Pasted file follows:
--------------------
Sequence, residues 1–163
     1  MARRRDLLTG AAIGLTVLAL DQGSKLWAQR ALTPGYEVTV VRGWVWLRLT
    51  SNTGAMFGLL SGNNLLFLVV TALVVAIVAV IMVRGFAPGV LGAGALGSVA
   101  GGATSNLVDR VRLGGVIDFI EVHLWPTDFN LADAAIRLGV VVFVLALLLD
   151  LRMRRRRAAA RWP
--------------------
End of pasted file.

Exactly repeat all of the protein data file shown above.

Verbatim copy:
Sequence, residues 1–163
     1  MARRRDLLTG AAIGLTVLAL DQGSKLWAQR ALTPGYEVTV VRGWVWLRLT
    51  SNTGAMFGLL SGNNLLFLVV TALVVAIVAV IMVRGFAPGV LGAGALGSVA
   101  GGATSNLVDR VRLGGVIDFI EVHLWPTDFN LADAAIRLGV VVFVLALLLD
   151  LRMRRRRAAA RWP